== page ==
Posted: 10 November 2022
Hakawatis: writing a story about storytellers
Playwright and Globe Writer-in-Residence, HANNAH KHALIL shares how she has collaborated with three extraordinary female writers of Arab heritage to fearlessly reimagine One Thousand and One Nights for the enchanting Sam Wanamaker Playhouse
In 2017 something magical happened: I saw a play at the Sam Wanamaker Playhouse for the first time. I’d been in the Globe Theatre many, many times, but this trip to the neighbouring Sam Wanamaker Playhouse to see LIONS AND TIGERS by Tanika Gupta was a first. What a night! I adored the play and production, but I actually fell in love that night with the theatre, which is surely the most beautiful theatre in the country. And as I left walking on a cloud at the end of the performance I wondered what I’d write for that beautiful space if I was ever lucky enough to get the chance.
Amazingly, a few steps further along the Thames inspiration struck… I had seen two versions of One Thousand and One Nights by the writers Hanan Al-Shaykh and Suhayla El-Bushra, both productions coincidentally at my runner-up for most beautiful theatre in the UK the Lyceum in Edinburgh. And somehow my brain churned those into the Sam Wanamaker Playhouse and I started thinking about Scheherazade. Scheherazade is the main character in the frame narrative of 1001 Nights. The story goes that King Shahryār’s wife is unfaithful to him, so he resolves to marry a new virgin every day and to have her beheaded the next morning as his revenge on all women kind. Enter Scheherazade a woman with a plan – she agrees to marry the King, hoping her exciting tales will keep the monarch hooked night after night, saving her and all the other women in the kingdom from execution.
A germ of an idea formed which led to this play, HAKAWATIS, which I pitched to the Globe’s Artistic Director, Michelle Terry: ‘What if Scheherazade isn’t the brilliant storyteller of fable – what if she’s good, but not as good as she thinks? Well, all the women behind her in line for the King’s bloody wed-bed-and-behead revenge will be wanting her to succeed. So what if they got together and started writing stories for Scheherazade?… Scheherazade’s writers-room’.
I also suggested that in writing the piece the approach could mirror the story and I could bring on three other women of Arab heritage to write new tales to be incorporated into the play, amongst the others that I would include from the original. I was overjoyed when Michelle agreed. So I set about finding my writing collaborators. I immediately knew who I wanted to ask: after seeing Hanan and Suhayla’s adaptations I felt they’d be the perfect choice and I was thrilled when they agreed. I’d also recently read a short piece by a writer called Sara Shaarawi which I thought was incredibly skilful and feminist and full of passion, so I contacted Sara too who also said yes much to my delight. I gave them the pitch and an open brief – write a story for the Hakawati women to pass to Scheherazade.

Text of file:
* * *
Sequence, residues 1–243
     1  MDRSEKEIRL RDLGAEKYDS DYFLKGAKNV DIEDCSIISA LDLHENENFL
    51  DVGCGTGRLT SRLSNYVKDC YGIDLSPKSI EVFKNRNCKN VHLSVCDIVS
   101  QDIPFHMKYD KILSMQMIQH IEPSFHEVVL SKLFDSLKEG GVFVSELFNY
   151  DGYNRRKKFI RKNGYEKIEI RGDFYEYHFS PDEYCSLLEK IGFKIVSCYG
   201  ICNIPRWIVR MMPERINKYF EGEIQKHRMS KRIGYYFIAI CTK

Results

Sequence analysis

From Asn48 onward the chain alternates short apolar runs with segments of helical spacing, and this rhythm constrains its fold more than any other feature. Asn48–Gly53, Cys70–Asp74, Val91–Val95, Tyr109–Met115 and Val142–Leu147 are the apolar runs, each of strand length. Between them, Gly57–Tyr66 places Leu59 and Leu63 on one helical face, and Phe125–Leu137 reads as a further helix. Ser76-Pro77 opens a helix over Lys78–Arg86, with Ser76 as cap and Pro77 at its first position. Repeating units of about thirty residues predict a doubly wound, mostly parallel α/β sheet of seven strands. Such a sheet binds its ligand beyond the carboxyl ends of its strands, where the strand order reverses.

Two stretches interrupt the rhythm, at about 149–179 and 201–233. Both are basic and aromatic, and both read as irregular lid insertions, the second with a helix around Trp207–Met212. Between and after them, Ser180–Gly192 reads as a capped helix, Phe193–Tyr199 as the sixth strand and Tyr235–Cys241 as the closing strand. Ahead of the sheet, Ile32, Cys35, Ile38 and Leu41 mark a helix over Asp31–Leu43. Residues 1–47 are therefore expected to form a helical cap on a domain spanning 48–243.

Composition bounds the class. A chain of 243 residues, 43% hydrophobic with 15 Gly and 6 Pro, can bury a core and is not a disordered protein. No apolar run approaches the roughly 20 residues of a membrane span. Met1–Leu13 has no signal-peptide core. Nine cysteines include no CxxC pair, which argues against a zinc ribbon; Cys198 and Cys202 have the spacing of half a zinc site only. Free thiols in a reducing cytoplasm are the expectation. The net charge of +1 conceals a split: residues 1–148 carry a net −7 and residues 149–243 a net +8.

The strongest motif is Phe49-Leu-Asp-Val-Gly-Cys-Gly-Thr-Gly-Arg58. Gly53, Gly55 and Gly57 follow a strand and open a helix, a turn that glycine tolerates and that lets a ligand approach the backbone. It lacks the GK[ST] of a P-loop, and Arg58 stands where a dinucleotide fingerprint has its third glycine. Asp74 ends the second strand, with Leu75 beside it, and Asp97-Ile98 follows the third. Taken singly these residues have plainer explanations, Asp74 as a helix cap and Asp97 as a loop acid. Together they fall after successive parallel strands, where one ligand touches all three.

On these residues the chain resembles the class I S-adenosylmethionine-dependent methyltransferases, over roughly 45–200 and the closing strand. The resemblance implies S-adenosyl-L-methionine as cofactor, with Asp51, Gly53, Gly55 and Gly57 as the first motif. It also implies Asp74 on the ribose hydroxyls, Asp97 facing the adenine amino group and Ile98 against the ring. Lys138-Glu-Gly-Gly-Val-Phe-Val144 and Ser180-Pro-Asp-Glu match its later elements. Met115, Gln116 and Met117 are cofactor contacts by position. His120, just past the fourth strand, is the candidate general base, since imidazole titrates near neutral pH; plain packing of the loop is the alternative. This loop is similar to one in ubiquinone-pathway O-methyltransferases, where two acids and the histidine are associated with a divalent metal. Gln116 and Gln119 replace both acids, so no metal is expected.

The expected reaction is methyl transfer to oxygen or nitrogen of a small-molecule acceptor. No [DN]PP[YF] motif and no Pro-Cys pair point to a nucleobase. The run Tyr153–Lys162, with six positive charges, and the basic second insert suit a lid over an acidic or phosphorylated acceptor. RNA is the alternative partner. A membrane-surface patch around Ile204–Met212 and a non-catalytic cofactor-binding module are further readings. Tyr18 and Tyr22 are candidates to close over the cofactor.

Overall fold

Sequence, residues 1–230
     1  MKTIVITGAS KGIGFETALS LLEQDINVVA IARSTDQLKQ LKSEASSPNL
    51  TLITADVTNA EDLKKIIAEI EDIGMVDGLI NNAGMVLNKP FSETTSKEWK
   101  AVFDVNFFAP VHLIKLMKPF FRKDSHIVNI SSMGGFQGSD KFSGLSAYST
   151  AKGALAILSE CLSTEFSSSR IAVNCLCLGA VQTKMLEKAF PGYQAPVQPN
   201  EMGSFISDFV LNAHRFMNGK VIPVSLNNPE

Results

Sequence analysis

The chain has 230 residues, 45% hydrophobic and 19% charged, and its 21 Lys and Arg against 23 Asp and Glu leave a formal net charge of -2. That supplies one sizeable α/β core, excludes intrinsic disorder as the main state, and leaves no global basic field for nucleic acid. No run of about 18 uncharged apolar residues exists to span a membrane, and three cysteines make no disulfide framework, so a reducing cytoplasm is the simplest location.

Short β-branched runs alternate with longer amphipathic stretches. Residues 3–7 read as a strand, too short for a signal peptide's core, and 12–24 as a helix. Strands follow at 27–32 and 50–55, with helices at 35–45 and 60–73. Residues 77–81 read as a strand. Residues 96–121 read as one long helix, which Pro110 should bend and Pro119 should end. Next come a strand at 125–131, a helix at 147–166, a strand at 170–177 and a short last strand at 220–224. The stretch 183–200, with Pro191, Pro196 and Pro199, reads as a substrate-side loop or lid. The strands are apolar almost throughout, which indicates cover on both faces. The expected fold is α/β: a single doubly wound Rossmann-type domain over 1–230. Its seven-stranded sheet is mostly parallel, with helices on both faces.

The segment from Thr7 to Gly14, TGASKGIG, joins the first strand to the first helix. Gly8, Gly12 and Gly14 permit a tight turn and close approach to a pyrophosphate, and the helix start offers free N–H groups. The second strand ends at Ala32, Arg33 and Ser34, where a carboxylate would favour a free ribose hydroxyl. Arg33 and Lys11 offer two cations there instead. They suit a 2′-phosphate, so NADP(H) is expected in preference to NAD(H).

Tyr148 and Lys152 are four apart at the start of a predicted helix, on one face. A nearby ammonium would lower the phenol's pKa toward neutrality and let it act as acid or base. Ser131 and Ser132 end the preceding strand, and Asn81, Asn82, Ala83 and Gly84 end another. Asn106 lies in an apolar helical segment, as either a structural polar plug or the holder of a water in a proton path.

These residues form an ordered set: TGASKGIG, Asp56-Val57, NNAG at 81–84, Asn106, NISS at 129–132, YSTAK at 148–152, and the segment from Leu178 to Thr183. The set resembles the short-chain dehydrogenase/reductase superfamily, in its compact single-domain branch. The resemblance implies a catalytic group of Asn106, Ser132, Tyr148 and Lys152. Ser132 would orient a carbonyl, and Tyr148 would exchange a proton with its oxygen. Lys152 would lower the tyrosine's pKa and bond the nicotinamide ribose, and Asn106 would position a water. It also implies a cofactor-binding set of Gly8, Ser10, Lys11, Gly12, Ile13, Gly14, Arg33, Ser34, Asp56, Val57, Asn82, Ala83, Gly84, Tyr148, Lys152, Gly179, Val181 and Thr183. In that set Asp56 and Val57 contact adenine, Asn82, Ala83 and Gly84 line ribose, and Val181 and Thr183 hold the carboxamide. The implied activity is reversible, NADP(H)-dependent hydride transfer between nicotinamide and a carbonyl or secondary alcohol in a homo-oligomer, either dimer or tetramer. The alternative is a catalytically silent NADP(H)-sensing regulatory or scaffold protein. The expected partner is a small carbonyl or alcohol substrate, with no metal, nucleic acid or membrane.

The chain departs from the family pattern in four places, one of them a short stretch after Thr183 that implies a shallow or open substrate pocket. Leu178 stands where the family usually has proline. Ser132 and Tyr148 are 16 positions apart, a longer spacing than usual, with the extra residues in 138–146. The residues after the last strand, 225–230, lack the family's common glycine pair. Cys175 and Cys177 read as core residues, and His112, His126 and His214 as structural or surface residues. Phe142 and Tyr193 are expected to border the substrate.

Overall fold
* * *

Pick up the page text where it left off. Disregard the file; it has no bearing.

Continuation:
While they were doing that, I was writing the play itself which moves between action and storytelling. I had to write the action leaving spaces for stories, and as I had no idea what my collaborators would write I was crossing my fingers I’d be able to sew their stories into the whole seamlessly. When they delivered their drafts I was delighted by all three – each was unique and funny and sexy and compelling. And I loved the challenge of deciding which character told which story and finding ways to insert them into the play… then choosing other lesser-known stories from the original to include. It was a really creative and exciting process.
Hakawati means storyteller in Arabic and the storyteller holds a very important place in our culture. The oral as opposed to written tradition is one that has been prevalent in the Arab world including my own Palestinian heritage. But as someone who writes stories down for a living I was excited to bring that oral tradition to life on stage. And what a stage. I cannot tell you what a privilege it is for a playwright to know the space they are writing for. It really makes a difference to how you approach that storytelling. And in the case of the Sam Wanamaker Playhouse, that theatre has such personality and character and mood that cannot be ignored in the writing or performing of a piece. So, along with our five incredible actresses of Arab heritage on stage we have the sixth character of the Sam Wanamaker space presiding over the events of the play. I do hope you’ll come and experience the magic of it all and some dark storytelling by candlelight with us this winter.
HAKAWATIS is a Tamasha and Shakespeare’s Globe co-production. It opens at the Sam Wanamaker Playhouse from 1 December until 14 January.
This post was originally featured on the Shakespeare’s Globe blog.